under the clearly erroneous standard and will disturb those

findings only when "we are left with a definite and firm

conviction on the entire record that a mistake has been made,

even though there may be evidence to support the finding."2  We

review the application of law to facts de novo.3

          Price's arguments concerning whether a prescriptive

easement can exist on his property raise a legal issue, rather

than a factual one.  " `The content of a particular legal

doctrine, and what the facts of this case establish under such

doctrine is [at] issue' " in the prescriptive easement claim.4

We are not bound by the lower court's view when deciding

questions of law.5

IV.  DISCUSSION

A.             The Trial Court Erred in Determining that Price's
          Property Is Subject to a Public Right-of-Way Under
          Former 43 U.S.C.  932, Revised Statute (RS) 2477.1.
          Background on RS 2477
          
          The superior court held that a public right-of-way

existed over Price's property under 43 U.S.C.  932, Revised

Statute (RS) 2477.  Congress enacted this provision, commonly

referred to as RS 2477, in 1866 as part of the Lode Mining Act.6

Under RS 2477, the federal government granted rights-of-way,

providing: "[T]he right of way for the construction of highways

over public lands, not reserved for public uses, is hereby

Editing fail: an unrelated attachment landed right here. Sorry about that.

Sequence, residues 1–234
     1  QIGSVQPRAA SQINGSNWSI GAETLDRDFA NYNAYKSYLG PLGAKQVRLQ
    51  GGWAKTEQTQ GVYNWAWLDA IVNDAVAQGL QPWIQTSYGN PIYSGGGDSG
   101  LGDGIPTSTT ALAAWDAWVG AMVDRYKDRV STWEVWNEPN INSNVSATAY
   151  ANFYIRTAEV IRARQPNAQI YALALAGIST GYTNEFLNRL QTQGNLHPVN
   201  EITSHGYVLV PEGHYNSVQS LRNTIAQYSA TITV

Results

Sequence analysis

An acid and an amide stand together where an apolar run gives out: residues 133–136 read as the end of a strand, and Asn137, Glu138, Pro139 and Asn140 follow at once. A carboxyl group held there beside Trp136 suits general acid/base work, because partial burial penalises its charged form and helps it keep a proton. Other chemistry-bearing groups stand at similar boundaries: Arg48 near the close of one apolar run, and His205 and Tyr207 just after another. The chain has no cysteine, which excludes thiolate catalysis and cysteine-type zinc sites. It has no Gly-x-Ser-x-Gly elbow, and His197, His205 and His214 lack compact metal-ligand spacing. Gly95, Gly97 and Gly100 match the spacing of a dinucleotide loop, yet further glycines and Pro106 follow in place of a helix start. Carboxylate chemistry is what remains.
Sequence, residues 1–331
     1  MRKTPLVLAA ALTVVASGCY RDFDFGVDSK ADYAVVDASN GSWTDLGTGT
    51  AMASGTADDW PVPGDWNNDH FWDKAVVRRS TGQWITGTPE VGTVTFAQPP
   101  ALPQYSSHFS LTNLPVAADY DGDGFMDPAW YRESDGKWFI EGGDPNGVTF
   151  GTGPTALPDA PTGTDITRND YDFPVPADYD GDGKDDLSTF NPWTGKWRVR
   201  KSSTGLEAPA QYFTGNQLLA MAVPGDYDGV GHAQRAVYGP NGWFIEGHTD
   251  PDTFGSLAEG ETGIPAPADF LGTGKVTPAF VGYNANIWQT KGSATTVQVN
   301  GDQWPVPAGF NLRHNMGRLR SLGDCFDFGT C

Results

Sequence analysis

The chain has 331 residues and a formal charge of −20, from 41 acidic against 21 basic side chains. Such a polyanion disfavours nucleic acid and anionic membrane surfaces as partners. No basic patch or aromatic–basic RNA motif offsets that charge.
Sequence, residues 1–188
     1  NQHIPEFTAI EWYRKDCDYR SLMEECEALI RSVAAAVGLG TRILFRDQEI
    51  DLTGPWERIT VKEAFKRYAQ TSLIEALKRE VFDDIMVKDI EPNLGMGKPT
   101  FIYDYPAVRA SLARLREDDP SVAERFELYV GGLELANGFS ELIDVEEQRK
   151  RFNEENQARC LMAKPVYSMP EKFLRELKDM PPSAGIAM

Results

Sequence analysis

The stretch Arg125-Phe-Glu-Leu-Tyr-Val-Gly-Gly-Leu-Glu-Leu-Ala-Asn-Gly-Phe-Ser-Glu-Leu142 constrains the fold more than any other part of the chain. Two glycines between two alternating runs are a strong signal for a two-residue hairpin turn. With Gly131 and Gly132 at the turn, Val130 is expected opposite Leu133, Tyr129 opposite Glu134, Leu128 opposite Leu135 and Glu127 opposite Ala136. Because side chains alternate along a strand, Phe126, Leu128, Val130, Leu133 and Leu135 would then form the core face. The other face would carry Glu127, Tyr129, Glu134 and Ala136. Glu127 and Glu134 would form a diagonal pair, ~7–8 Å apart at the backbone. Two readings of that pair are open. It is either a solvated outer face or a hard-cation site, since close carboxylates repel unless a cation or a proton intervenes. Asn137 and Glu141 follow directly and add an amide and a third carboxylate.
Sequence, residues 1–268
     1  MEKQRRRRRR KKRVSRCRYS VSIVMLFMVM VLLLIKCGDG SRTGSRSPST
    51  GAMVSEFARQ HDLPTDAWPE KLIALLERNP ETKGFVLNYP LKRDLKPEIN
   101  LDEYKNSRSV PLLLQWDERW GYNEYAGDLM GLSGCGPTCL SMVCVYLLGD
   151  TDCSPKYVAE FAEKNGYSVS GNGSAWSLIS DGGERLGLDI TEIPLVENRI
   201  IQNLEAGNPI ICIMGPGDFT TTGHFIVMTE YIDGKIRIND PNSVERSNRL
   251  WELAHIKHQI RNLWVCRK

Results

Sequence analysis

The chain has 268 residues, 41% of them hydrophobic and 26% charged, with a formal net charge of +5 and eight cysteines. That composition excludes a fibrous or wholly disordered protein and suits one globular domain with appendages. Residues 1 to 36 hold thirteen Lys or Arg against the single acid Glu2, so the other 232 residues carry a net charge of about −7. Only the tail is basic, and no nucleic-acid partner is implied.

granted."7  The grant was self-executing, meaning that an RS 2477

right-of-way automatically came into existence "if a public

highway was established across public land in accordance with the

law of Alaska."8  Although Congress repealed RS 2477 in 1976, the

statute governs this case because the claimed right-of-way would

have existed before then.9

          We have noted that "[t]he operation of  932 is not

obvious from its terms."10  Indeed, the statute itself is simply

an offer to dedicate land to public use.11  To effect the grant of

a right-of-way, either the public or the appropriate state

authorities must take positive action.12  Specifically, the public

must use the land "for such a period of time and under such

conditions as to prove that the grant has been accepted," or

appropriate public authorities of the state must act in a way

that clearly manifests their intention to accept the grant.13

          RS 2477 specified that it provided for the construction

of highways over federal "public lands, not reserved for public

uses."14  "Public lands" means lands open to settlement or other

disposition under federal land laws.15  Therefore, a valid RS 2477

claim could only have been made on the land in question before

December 29, 1959, when the State of Alaska filed a land

selection application with the Bureau of Land Management for

lands encompassing Price's land.  As soon as the state filed its

application, the lands it selected were "segregated from all

applications and appropriations under the public land laws."  We

therefore must determine whether the trial court erred in holding

that an RS 2477 right-of-way existed prior to 1959.

           To determine whether sufficient public use exists to